Did you know that your cellphone records can be bought by anybody for $110? Neither did I, until a couple of days ago. Apparently it's real. A popular blogger tested it out and was able to get ahold of 2004 presidential candidate Wesley Clark's phone records for about $90.
This is the latest (and to my mind, most frightening) development in the ongoing erosion of the private sphere. In the background, largely invisible sentries track our every move. Cookies log our websurfing habits. Supermarket discount cards register our grocery purchase patterns. Credit card companies monitor usage (and will alert you if your spending pattern becomes "irregular"). The government may be eavesdropping on your phone conversation. Employers can look over your e-mail. Huge consumer-info databases sell all of this information to unknown third parties.
In order to keep sane, one has to accept much of this as a hassle of modern living. This one's different. It affects all of us. Reporters receiving anonymous tips from whistleblowers might stop getting them. Public figures may now see their phone records as grist for the US Weekly mill. Anybody involved in troubled marriages, business partnerships, etc. may now find it irresistible to try get the dope on a partner to try to confirm their suspicions.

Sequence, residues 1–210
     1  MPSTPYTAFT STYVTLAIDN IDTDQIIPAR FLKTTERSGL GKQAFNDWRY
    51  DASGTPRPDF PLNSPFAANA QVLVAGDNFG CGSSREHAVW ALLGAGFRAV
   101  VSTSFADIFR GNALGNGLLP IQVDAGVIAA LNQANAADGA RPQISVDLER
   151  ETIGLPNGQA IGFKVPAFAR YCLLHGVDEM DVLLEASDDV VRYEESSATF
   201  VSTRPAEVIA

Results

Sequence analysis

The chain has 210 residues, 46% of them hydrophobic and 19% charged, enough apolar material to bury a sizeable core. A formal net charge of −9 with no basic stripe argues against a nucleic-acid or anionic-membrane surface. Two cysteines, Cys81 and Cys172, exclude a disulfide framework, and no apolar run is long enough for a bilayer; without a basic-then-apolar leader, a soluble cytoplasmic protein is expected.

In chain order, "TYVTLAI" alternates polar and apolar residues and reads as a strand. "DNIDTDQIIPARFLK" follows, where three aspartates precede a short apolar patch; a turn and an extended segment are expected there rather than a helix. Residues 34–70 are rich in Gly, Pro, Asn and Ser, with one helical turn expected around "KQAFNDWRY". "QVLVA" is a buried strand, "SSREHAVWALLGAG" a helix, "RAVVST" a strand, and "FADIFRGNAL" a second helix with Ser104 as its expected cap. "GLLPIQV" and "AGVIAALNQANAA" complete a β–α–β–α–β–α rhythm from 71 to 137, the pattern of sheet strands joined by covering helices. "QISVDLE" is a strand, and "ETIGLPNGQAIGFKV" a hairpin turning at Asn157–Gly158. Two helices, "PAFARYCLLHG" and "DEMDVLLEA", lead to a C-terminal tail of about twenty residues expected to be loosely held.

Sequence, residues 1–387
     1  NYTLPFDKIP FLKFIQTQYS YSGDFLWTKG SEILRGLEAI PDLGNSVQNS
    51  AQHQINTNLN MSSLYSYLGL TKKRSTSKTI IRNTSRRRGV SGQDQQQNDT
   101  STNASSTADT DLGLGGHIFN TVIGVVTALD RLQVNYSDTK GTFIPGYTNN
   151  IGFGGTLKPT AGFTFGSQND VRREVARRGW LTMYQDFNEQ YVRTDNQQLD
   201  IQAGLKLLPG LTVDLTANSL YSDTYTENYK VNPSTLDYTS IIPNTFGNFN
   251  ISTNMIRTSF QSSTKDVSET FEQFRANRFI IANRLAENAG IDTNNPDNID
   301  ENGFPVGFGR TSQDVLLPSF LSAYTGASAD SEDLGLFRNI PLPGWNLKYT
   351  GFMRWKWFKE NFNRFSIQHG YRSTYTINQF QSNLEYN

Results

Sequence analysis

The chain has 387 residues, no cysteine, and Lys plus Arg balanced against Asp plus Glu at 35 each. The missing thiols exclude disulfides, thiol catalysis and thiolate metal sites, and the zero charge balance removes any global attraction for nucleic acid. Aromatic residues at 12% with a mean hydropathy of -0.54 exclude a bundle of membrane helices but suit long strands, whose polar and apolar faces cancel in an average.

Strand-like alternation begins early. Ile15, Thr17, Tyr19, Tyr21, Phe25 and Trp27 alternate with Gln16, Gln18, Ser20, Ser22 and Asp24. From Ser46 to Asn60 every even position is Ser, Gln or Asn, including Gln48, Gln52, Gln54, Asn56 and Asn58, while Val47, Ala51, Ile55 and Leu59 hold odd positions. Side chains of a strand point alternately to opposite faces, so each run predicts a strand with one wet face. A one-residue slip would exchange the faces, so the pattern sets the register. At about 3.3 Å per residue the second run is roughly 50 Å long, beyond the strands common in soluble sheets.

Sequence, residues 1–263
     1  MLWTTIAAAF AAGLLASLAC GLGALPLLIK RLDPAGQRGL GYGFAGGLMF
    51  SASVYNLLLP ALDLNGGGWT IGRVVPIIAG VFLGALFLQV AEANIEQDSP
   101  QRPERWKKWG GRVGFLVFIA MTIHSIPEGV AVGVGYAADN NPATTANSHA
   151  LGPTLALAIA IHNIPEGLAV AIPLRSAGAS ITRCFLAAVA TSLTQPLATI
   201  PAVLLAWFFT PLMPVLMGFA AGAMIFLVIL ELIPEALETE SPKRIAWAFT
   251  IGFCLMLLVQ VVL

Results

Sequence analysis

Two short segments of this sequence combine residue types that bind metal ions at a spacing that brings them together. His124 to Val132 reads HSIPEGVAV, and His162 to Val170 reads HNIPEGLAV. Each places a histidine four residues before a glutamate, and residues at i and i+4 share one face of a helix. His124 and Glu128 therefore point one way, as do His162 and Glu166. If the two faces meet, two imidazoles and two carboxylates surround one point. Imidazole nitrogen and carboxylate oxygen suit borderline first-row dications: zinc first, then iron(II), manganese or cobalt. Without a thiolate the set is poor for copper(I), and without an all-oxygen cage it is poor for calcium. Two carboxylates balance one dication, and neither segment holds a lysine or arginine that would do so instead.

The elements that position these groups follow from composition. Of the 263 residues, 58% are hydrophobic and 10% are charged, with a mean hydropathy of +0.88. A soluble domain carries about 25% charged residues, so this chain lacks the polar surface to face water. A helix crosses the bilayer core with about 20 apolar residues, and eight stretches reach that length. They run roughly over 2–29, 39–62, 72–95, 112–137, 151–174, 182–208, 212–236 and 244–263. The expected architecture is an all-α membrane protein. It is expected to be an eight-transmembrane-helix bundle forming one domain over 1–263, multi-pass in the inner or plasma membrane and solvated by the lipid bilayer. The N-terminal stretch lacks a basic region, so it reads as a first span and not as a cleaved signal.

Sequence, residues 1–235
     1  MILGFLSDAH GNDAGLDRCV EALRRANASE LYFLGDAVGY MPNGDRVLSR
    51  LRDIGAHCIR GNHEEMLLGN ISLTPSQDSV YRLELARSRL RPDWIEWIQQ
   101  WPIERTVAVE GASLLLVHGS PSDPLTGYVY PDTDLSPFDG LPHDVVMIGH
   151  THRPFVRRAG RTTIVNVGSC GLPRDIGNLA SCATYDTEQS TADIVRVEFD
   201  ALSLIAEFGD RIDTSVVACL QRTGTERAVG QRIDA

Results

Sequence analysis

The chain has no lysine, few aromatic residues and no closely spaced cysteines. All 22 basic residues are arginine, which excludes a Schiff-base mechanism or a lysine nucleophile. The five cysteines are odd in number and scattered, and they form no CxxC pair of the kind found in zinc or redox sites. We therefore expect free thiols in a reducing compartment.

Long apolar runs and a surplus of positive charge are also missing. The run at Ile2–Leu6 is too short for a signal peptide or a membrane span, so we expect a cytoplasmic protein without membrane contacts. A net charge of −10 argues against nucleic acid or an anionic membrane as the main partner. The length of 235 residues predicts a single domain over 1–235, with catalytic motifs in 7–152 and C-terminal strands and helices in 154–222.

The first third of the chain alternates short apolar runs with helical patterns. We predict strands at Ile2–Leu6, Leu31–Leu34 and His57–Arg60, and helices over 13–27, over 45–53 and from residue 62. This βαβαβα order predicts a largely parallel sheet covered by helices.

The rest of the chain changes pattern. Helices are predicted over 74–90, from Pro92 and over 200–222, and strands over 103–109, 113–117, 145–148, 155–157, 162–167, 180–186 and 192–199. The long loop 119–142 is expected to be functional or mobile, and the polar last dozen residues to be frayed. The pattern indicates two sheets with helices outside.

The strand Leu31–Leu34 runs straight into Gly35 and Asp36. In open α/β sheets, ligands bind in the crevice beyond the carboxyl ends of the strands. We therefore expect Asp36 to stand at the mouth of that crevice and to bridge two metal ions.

You've been harboring that crush on that fetching co-worker six cubicles down? Curious about her private life? Now you can pay $110 and retrieve her cell phone records! Wondering what your ex-boyfriend is up to these days? $110 dollars.
It's one thing to cyberstalk someone on Friendster or his/her blog. The subject being stalked there is availing himself in a public forum. This is something else entirely. Cell phone records have an expectation of privacy. As a private citizen, you're only supposed to be able to get your hands on another private citizen's cell phone records if you're involved in litigation where this information is highly relevant. There's a procedure for that -- a subpoena issued by the court. Now you can bypass the pesky requirements of legal procedure for a nominal fee.
This is the democratization of Big Brother. Now anyone can be watching you. If he or she is willing to shell out a hundred bucks.